Yes. Debt and Energy would be a great topic. However "Lehman: more socialising the losses of the rich" has no bearing. This is a social issue (or socialist issue?) that has re-occurred in POLITICAL discussions for at least decades.

I do find the comments interesting. But is the first article a new visitor to the Oil Drum should see? What does this article have to do with Peak Oil and energy?

Land values surrounding American cities are tied closely to gasoline prices- higher pump price=lower land values. Loans were made on expectations of low pump prices. Those expectations are not being met, land values now are less than the loan value. The loss in land value is being eaten, but it seems that our financial digestive tract is being overwhelmed. Stated another way: if gasoline stayed at $1 per gallon from 2001-2008, these financial crisis would not be happening. Energy and land markets are not separate.

I don't understand the complaints wrt this post at all. A major component of the discussion on PO is coded in the term "energy descent/decline." When thinking of PO in this context the other factors affecting PO - including future funding for energy - there is no subject that is off-topic.

No money, no investment, no energy.

Hell, if anything, there is too little integration of all the elements that may or may not lead to some level of collapse/shift in societies worldwide.

The Perfect Storm Cometh.


As someone fairly new to TOD (this is my first post), I would say that while on the edges of the core topic, the discussion of the financial meltdown we are seeing at the moment is still relevant.

As has been mentioned, perhaps this is "peak credit". And now we are on the other side, it is all chaos while the people in charge (supposedly) flail around trying to sort things out. Is this just a foretaste of what will happen when we pass peak oil and start down the other side?

The fact is there have been warning signs for a long period (I'm sure I read a link to an article from 2002 giving a warning that Warren Buffet gave about overheating credit markets), yet the great and good carried on regardless, heading ever faster toward the situation we now have.

So the same with PO. I remember as an eight year old at school being told by my teacher that oil will run out in 30 year's time. Now I am 35, and she is looking fairly accurate. So obviously in the intervening 27 years we have all been working hard, lead by our glorious leaders, towards a sustainable world no longer dependent upon fossil fuels with plenty of alternatives in place. No? hmmm... seems like a common theme.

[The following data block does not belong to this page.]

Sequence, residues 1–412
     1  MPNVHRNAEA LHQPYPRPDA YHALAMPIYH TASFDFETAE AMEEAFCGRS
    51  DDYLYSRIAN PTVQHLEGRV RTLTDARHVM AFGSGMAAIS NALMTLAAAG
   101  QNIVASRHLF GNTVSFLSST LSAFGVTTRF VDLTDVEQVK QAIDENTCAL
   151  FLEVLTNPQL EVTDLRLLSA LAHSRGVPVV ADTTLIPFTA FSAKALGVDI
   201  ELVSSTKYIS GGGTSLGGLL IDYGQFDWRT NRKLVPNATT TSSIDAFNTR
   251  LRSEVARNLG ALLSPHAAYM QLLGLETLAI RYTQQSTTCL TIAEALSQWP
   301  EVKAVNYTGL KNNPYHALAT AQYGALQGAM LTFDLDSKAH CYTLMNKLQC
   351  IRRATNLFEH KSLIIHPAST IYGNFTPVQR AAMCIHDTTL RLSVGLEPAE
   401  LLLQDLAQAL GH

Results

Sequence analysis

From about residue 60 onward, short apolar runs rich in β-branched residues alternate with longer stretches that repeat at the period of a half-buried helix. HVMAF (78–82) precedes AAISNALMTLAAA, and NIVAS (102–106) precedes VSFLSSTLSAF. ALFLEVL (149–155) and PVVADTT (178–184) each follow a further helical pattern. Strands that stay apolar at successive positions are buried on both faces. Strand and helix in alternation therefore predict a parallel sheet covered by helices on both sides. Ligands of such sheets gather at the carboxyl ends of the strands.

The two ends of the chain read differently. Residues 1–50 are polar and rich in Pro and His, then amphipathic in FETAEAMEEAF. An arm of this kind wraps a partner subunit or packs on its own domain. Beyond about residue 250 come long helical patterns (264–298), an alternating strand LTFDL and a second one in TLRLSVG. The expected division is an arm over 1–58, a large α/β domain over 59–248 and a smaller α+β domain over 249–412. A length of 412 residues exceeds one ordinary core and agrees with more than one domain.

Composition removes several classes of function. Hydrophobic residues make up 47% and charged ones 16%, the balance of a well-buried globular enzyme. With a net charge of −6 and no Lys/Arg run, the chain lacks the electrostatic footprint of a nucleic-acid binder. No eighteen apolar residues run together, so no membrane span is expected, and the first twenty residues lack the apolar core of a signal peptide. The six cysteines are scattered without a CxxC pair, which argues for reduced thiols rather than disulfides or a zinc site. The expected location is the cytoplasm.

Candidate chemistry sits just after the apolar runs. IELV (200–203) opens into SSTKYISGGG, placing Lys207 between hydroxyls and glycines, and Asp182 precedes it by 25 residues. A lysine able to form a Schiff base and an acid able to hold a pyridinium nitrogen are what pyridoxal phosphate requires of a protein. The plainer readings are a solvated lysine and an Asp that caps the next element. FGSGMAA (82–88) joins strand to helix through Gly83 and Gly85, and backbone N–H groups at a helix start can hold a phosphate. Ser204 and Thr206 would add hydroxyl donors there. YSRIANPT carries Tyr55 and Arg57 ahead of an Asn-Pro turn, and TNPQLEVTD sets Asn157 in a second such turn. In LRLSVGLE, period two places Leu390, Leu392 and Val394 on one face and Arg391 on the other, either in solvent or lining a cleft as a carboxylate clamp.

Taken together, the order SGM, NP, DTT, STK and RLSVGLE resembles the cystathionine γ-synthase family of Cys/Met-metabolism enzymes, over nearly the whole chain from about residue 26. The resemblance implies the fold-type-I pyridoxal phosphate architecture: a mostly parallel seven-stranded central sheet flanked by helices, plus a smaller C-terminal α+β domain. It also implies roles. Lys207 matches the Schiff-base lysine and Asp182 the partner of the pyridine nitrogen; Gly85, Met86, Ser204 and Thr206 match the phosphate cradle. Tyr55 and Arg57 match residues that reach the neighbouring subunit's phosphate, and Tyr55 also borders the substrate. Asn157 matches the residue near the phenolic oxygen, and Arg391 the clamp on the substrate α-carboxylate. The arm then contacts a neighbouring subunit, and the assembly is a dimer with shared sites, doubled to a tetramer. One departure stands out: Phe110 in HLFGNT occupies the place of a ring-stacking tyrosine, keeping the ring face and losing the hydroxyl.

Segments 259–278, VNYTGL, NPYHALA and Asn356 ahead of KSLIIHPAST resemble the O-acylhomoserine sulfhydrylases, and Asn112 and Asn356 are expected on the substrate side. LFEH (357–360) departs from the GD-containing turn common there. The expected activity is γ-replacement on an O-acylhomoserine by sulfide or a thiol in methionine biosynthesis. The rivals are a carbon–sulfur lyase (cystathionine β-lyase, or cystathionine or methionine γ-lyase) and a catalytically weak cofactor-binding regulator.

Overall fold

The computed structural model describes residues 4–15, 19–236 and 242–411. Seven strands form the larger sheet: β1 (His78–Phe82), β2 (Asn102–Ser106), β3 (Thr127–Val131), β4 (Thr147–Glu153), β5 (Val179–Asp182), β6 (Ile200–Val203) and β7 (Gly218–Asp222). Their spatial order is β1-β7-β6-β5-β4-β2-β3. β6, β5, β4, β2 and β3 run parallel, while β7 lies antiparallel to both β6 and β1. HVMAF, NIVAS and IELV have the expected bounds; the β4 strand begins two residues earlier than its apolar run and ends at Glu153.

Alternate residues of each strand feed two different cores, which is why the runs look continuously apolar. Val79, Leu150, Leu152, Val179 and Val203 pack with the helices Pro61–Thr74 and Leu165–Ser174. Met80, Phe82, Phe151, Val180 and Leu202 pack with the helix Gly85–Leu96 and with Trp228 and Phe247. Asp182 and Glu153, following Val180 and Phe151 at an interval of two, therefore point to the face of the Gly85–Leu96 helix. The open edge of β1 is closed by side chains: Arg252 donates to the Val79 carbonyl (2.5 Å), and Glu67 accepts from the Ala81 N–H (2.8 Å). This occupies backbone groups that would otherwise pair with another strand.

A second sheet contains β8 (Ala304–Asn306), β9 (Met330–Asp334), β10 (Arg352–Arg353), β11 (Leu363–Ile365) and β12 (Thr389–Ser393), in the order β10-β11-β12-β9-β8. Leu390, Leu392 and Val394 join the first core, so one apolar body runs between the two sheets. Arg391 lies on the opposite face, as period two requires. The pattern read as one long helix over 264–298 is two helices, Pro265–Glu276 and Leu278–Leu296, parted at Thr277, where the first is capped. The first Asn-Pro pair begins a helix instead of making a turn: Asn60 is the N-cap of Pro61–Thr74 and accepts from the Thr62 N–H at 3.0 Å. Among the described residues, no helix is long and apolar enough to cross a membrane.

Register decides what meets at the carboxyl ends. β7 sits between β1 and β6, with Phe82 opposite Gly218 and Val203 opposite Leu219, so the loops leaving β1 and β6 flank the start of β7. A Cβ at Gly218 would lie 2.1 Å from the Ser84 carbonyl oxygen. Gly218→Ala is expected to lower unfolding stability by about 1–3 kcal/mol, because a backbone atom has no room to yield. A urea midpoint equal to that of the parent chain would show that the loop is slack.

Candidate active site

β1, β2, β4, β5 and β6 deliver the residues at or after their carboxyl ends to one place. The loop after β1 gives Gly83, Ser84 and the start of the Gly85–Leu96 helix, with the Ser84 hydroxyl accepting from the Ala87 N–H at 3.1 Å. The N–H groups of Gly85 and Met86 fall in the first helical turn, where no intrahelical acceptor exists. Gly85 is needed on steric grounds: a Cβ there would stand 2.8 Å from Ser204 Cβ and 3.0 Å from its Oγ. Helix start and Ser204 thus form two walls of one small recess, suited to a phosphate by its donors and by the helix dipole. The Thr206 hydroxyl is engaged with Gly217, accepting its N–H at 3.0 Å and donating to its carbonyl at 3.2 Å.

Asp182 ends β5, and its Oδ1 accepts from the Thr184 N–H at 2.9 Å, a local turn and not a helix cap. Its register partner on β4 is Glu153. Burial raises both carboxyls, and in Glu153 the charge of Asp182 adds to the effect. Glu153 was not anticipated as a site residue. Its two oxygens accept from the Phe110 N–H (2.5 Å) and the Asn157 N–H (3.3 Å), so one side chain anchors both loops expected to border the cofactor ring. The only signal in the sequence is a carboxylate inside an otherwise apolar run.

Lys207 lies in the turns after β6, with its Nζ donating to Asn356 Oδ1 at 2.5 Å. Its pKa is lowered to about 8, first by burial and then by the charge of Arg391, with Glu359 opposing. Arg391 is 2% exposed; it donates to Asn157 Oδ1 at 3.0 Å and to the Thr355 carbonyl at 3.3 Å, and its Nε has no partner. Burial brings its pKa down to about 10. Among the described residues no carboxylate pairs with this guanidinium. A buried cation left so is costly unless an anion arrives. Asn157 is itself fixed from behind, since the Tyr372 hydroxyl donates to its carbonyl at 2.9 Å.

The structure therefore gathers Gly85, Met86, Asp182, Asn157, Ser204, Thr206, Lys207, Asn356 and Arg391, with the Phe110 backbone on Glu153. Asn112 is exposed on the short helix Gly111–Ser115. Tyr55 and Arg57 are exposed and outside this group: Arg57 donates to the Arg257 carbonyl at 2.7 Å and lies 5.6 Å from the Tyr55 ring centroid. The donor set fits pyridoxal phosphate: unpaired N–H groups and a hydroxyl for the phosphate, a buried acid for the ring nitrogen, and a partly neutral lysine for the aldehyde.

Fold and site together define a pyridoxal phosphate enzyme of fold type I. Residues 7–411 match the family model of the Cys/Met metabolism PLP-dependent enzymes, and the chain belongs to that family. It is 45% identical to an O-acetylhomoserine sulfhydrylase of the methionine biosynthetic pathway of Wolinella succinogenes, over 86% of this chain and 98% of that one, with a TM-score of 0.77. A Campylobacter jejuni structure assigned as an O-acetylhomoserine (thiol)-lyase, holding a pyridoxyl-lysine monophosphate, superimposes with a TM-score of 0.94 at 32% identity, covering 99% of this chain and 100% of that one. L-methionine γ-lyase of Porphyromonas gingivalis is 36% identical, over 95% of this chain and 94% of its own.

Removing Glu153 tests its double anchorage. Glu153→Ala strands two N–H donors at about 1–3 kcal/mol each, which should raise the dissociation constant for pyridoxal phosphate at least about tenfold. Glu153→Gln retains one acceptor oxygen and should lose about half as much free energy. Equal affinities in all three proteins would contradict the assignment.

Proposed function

Does anybody else find this topic self-indulgent and largely off-topic?

The investment banks have played a role in growing solar and wind power. Lehman Brothers is among these. If we cut off this route for money to find innovation, we may be left with just old energy companies involved in energy. That would, I think, lead to catastrophically stale approaches to energy problems. If we get rid of the investment banking sector, we'll either need to find another mechanism to gorw new companies or we'll have to nationalize Peabody Energy and the oil majors on anti-trust grounds so that we can force them to switch off of fossil fuels. The end state of Peabody energy should be a Christmas novelty company, not a state monopoly in wind energy.

Possibly that mechanism already exists. If banks like the ones Jerome works with in Europe end up owning all of the new US energy infrastructure, Peabody and Exxon should contract. It will just be a case of energy security being the joke of the century.


You know, Jérôme, it all sounds like it could work out the way you picture.

But I'm getting an itchy patch in an unspeakable place.

Yes, letting Lehman crash would cause huge problems on the Street (not to mention the Hamptons). Thing is, so does saving it. Maybe my itch tries to tell me that we're sort of circling around a breaking point.

A completely unlimited, in all directions and amounts, bail-out of Fannie and Freddie, just 7 days ago, lifted spirits for 24 hours -if that-, and then it was gone. So what do the chosen few who are gathered over in Lower Manhattan believe, concerning the amount of time that a few billion for Lehman will provide the system? Not a confidence booster. At those odds, it may not last through their lunchbreak.

They have no way of knowing what's in Lehman's vaults, and for what they know is there, they have no reliable value estimates, other than that there’s $85 billion in paper that’s in reality barely worth three tomatoes and a sycamore tree.